I FOUND TEFF HAY PELLETS!!! And a COUPON for them as well!

Thursday, January 23rd, 2020 | Filed under Nutrition

I love Teff hay.  It is great to feed to your insulin resistant, low starch/sugars, Cushings horses and I used it with Mama Tess as often as I could find it.

Yesterday, I saw that Standlee now has it in pellet form to answer all the requests for low sugar/starch feed.   I’m so excited!  (No affiliation, I wish!)

The truth is, I rarely feed just pellets.  I use hay because it lasts longer and simulates closer to a natural food product for horses.

BUT, I do love having this Teff hay pellet option.

If you want to learn about Teff hay, click here and read a post I wrote a while back.


Standlee is who is making these pellets.  I do like this company… they take great care in their processing.  You won’t have leftover corn in the machines when you are milling teff, let’s say… They are conscious about clean sourcing.

I get my Standlee at Tractor Supply.  That is where I found the Teff Pellets!

I was so shocked to see Teff pellets,  I went to the Standlee site and got this information about these new pellets!  And, if you google “Standlee coupons”, there is one for $3 off the Teff hay pellets right now.  I got mine.

Premium Teff Grass Pellets are high density, ¼ inch pellets of Standlee Premium Western Forage. Teff Grass is low in sugar, high in fiber and highly palatable.

Here is the website where I found this information.

Click image to go to website

Teff’s origin is thought to be Ethiopia, where it emerged as a grain crop for human consumption sometime between 4000 B.C. and 1000 B.C. Teff in the USA is grown primarily as a forage crop for livestock, is adaptable and it can grow in various environments.

It is a fine stemmed, fast growing, high yielding, summer annual grass. But what really makes Teff Grass unique and exciting is its nutrient content. Teff is a “C4 Warm Season” grass with a moderate protein and calorie content, but with a low sugar/starch content.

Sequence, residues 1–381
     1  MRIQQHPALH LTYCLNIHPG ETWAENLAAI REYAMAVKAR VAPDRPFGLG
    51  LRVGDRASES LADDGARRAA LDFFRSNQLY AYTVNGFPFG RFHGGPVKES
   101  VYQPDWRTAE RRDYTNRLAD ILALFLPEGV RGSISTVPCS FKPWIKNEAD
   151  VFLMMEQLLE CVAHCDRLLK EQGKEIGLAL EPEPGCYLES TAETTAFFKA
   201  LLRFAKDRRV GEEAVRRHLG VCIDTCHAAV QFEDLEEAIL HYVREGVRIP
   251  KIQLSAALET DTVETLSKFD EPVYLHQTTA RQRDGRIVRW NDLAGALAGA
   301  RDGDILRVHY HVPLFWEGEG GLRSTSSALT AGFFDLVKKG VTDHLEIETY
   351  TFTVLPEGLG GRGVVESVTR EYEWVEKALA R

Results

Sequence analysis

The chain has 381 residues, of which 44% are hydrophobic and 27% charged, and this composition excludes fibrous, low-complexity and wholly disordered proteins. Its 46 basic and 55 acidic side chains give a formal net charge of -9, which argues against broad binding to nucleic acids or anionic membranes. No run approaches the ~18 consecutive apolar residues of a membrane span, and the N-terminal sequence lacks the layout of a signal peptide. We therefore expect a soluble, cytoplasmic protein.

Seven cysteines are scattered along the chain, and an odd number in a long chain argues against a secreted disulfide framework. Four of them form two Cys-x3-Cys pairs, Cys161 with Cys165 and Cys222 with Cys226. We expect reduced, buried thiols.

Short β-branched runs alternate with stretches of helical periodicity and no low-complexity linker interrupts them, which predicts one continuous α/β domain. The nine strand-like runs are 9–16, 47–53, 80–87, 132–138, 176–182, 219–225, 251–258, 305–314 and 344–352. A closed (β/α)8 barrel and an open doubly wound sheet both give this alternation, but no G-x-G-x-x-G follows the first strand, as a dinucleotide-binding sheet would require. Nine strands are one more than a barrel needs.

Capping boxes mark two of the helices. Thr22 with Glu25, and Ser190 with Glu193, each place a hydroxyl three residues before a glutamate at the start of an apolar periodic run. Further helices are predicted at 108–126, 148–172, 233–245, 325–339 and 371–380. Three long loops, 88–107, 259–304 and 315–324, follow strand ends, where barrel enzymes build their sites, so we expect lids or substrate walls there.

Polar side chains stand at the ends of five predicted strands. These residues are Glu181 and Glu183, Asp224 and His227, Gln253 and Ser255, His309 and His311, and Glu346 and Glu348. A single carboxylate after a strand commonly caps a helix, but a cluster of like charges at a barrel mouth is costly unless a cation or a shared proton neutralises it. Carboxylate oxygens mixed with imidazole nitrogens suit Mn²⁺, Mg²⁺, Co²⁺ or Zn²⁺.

Teff is an ideal forage and hay crop due to several factors –

  1. Palatability – Teff is fine stemmed, leafy and “soft” which is very palatable to horses.
  2. Low Sugar Solution – The high fiber, low sugar and starch content make this a rescue feed for horses suffering from many, and some debilitating, disease conditions.
  3. Anti-Nutritional Factors – Teff does not have the anti-nutritional compounds like nitrate toxicity and prussic acid that sometimes occur in other grasses (Ketema, 1997, Ketema, et al., 1993).
  4. Fast Growth – Under ideal growing temperatures and moisture, Teff germinates quickly and is ready for early harvest in 45 to 55 days after seeding.
  5. Wide Adaptation – Teff has the ability to thrive in moisture-stressed and waterlogged soils. In areas without irrigation, Teff can provide forage during times of drought.
  6. Versatility of Harvest – Although in most instances Teff forage is baled as dry hay, it can be grazed as well.

Teff Grass is a unique forage with many benefits for horses and their owners, along with those that grow it. Find a Store near you that offers Standlee Premium Teff Grass Pellets, for a consistent, high quality forage option! Give your local farm and ranch retail store a call to see if they’re carrying it or ask them to bring it into their inventory.

By Dr. Tania Cubitt
Standlee Nutritional Expert – Performance Horse Nutrition


This site had additional information…

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2 comments have been posted...

  1. Rox

    It is helpful to CALL Standlee if you cannot find it locally. The TS stores in my area are really sketchy about what they stock and what they do not, and though will tell you that they can order the product you typically wait weeks and then get told oops sorry can’t get. So best strategy if you cannot find it locally is to actually phone (not email – no responses ever received to email except more promos) the company during the week and ask for the product to be sold in your area.

    Unfortunately in Oregon where I (unfortunately) live with my EMS ponies, the few teff hay growers there were have converted to growing hemp due to the influence of outside corporate investors. Perhaps when the hemp crash comes (just like the corn for ethanol crash and before that the poplar saplings for paper pulp crash) we’ll get our hay back – teff or even quality, tested local grass hay.

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